Dutch murder case leads to talks with attorney general

BMJ 2005; 331 doi: (Published 01 September 2005) Cite this as: BMJ 2005;331:473
  1. Tony Sheldon
  1. Utrecht

    Talks have begun this week between the Dutch Medical Association and the country's attorney general after the collapse in July of a murder case against a Dutch hospital doctor who gave palliative care to a dying patient.

    Doctors reacted with alarm after it emerged that the doctor, Peter Vencken, had spent nine days in custody before being charged with murder after prescribing morphine and the sedative midazolam to a terminally ill patient.

    Dr Vencken, a trainee anaesthetist, was on duty as casualty doctor when he treated a 77 year old man who had had a large cerebral stroke. In agreement with the family he gave only palliative care.

    The man was given 5 mg of morphine an hour, but after he had serious breathing difficulties the dose was increased to 20 mg. Later, as his condition worsened, he was given 5 mg of midazolam. He died soon afterwards.

    Both the ministers of health and justice had previously defined “terminal sedation,” in which pain relief may be used to induce a coma in a dying patient, as “normal medical treatment.” Such sedation is estimated to be involved in about 10 000 deaths in the Netherlands each year (BMJ 2003;327: 465).

    However, the public prosecution service took the Vencken case to appeal “to be clear where the border lies in the grey area between euthanasia and palliative pain relief.”

    Last November a court in Breda acquitted the 32 year old doctor. It accepted expert evidence that the nature, quantities, and combination of morphine and sedative were not excessive, complied with policy on palliative pain relief, and constituted normal medical treatment. It rejected the prosecution's claim that Dr Vencken intended to accelerate the patient's death, arguing that although the drugs could shorten the patient's life, this had not been the intention (BMJ 2004;329: 1206).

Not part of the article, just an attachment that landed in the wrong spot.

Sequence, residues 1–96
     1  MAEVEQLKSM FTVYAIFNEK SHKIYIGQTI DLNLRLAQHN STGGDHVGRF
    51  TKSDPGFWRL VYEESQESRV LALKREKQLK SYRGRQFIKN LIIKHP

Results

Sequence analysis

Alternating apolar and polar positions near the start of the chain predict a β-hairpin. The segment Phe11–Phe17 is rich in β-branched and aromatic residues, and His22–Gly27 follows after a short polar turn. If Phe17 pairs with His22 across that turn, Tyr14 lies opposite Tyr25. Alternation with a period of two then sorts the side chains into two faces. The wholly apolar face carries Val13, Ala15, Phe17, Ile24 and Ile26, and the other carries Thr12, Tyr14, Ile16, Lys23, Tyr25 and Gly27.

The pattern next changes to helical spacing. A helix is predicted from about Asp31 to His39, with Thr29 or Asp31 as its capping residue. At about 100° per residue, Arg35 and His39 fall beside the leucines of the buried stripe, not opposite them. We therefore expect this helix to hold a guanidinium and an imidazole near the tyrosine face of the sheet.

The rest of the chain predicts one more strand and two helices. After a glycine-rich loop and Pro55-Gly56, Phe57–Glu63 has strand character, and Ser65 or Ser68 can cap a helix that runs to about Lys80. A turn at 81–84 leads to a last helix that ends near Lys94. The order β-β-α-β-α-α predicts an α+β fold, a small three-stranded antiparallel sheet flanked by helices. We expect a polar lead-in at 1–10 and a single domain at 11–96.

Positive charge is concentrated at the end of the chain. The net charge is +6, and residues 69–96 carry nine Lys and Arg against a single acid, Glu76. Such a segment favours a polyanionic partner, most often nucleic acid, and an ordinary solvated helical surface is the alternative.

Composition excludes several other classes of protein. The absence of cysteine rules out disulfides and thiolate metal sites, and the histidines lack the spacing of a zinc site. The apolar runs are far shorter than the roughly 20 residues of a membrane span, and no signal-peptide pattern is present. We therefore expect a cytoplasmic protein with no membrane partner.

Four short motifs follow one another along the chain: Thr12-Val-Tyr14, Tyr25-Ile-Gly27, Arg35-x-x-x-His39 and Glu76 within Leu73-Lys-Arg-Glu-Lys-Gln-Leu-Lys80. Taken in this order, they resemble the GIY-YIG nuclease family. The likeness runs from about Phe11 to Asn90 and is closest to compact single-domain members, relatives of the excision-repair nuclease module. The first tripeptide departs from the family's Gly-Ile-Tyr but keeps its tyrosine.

The public prosecution service then appealed, but on 29 July the appeal court in Den Bosch returned a verdict in two hours instead of the usual 14 days, dismissing the charges and adding that the prosecution had failed to prove that the drugs caused the death.

    The coordinator of legal policy at the Dutch Medical Association, Johan Legemaate, said the decision indicated that the judges considered the case pointless and could be seen as a reprimand. Dr Vencken's lawyer, Kees Korvinus, has described the prosecution as “absurd” and intends to claim damages in the region of €100 000 (£68 000; $123 000). Throughout the case Dr Vencken has continued working.

    No further appeal has been made. The association has invited the chairman of the board of public prosecutors, Harm Brouwer, to discuss the decision to prosecute. Professor Legemaate said many doctors were concerned that patients could suffer if doctors were reluctant to use morphine for palliative care. The association felt that a criminal prosecution hadn't been exercised carefully and hoped for “some statement to repair the trust between the legal and medical professions.”

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